Paint the Town: Street Art in Berlin

by Nadja Sayej

Berlin street art began in the 1970s in the former West Berlin with phrases written on the Berlin Wall, cartoons, scenery and visually poetic statements by artists like Mij K Do. As the public filtered into the former East Berlin, it became abuzz with spraypaint, covering doors, windows and walls of the districts of Friedrichshain, Mitte and Prenzlauer Berg with tags in the early 1990s. In 2003, poster art emerged with the famous “Where’s Linda?” project by an artist named Roland Brückner, while street artists like XOOOOX started popping up with paste-ups as Mein Lieber Prost sketched out simple cartoon faces.

Shepard Fairey made a mural at the foot of Friedrichstrasse in September, while Bansky has also made his mark. There is a specific crop of street artists keeping the movement alive in Berlin. From dogs on garbage bins to Sponge Bob Squarepants on the sides of buildings, here is the best of Berlin street art, which is still growing, almost 50 years since it started.


Shepard Fairey

Probably the most interesting venue for street art in Berlin is the former NSA Field Station, which is called Teufelsberg. Built in 1936, it was meant to be a Nazi military technical college. It was never built (WWII began). Construction restarted in 1963 to build the listening station in the former British sector, which Americans shared until the 1990s.

Since the fall of the Berlin Wall, German authorities took hold of the building and its dome. It went through several private owners, including David Lynch, who planned to build a meditation university. Teufelsberg is now privately owned, left bare bones and is washed in graffiti by artists like Vitra from Helsinki. The artists have permission to tag and paint the building as a graffiti gallery. Over 180 artists have made work here, some part of European Heritage Days. It has the feel of an artist’s commune and appears to be the opposite of its initial use.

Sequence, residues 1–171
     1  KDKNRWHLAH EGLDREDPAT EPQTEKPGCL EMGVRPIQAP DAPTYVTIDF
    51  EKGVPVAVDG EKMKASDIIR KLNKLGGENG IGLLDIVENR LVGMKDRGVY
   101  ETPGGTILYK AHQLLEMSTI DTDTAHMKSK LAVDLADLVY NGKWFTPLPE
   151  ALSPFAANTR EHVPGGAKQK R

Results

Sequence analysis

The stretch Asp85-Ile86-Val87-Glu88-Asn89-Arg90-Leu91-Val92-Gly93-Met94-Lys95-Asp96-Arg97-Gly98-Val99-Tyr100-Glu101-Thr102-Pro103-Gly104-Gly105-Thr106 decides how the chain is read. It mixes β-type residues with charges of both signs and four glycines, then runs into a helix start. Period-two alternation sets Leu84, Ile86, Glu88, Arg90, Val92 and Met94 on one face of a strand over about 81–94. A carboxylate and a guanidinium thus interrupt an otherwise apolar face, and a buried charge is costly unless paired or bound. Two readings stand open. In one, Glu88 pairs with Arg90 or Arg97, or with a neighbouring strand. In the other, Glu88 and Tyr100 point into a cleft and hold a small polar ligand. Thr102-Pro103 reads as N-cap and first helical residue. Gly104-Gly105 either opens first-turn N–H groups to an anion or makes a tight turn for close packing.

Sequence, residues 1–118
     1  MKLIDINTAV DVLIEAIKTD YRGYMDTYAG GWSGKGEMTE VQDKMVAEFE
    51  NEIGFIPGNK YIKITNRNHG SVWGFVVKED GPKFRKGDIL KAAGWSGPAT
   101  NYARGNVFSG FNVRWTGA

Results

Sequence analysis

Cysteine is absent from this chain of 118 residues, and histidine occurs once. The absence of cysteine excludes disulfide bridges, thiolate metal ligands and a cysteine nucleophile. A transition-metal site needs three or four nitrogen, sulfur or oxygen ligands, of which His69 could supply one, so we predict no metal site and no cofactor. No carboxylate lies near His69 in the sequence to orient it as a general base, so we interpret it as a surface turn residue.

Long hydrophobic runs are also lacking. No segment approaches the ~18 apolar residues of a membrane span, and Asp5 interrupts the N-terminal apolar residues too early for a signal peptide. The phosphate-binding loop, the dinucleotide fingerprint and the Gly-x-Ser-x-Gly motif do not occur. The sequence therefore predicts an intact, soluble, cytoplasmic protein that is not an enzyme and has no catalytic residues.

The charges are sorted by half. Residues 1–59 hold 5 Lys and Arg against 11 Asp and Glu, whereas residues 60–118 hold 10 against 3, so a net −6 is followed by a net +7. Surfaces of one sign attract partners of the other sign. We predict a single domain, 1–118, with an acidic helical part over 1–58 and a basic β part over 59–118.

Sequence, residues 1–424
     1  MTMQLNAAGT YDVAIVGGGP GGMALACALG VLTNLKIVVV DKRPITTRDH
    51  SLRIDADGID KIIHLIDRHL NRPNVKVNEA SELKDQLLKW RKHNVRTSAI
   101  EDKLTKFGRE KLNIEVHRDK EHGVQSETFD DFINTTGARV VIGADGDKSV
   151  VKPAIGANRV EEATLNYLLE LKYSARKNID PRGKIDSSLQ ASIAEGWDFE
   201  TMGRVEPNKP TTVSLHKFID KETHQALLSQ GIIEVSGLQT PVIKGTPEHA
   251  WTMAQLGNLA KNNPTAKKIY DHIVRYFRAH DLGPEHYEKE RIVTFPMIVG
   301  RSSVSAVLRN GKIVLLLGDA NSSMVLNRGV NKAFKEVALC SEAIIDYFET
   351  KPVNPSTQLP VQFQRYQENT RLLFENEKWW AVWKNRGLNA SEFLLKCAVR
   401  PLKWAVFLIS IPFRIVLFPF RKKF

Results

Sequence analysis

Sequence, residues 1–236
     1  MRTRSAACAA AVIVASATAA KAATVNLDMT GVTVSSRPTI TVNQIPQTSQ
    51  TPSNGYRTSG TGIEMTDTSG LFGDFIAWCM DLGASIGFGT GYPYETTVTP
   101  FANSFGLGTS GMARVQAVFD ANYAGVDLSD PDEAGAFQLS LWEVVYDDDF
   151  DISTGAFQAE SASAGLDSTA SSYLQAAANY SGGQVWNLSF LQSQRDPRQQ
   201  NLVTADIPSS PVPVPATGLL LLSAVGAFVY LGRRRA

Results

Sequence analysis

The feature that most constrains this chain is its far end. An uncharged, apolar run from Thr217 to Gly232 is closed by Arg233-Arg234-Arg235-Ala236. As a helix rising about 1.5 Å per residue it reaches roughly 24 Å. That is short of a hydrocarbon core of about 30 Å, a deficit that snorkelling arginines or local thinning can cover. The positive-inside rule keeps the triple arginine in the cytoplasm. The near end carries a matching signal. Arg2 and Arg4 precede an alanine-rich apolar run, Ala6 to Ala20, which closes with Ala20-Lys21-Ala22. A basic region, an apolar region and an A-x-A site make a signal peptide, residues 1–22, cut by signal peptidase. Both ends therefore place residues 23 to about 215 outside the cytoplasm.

Teufelsberg5 (857x1280)Teufelsberg_Photo-NadjaSayej Teufelsberg-photoUrbanSpree


Vitra from Helsinki in Teufelsberg

If you take a public tour of Teufelsberg, find a QR code which looks like a helicopter landing pad on top of an abandoned building. The code links to this site. How to scan it, though? Another story entirely.

Adrian Buenita who used to co-run Idrawalot Gallery in Neukölln said one of the biggest Berlin street artists to watch is Rallitox, who most recently created “human sticker” project, where he Duct tapes volunteers to walls in public places. Previously, his raw-looking works show us the dark side of society.

LUCILUX is an illustrator whose work sometimes graces the streets (and convenient stores). One of her most popular works is a monster made of shredded newspaper which was highlighted at the Pictoplasma Festival, though a more permanent work can be found in a garden colony of Neukölln, which she created with the artist Patu.  “To be honest, I felt my old body the next day,” she says of painting in Berlin, “I forgot how exhausting it is to paint outside.”


LUCILUX — Photo from Urban Spree